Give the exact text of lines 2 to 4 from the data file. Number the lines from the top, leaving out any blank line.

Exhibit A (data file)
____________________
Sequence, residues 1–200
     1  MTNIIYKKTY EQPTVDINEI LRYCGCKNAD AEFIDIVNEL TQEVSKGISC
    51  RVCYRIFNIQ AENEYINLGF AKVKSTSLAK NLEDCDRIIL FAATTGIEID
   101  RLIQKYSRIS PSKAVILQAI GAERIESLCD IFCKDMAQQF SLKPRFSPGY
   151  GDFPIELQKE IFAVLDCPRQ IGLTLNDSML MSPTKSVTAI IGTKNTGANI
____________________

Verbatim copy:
     1  MTNIIYKKTY EQPTVDINEI LRYCGCKNAD AEFIDIVNEL TQEVSKGISC
    51  RVCYRIFNIQ AENEYINLGF AKVKSTSLAK NLEDCDRIIL FAATTGIEID
   101  RLIQKYSRIS PSKAVILQAI GAERIESLCD IFCKDMAQQF SLKPRFSPGY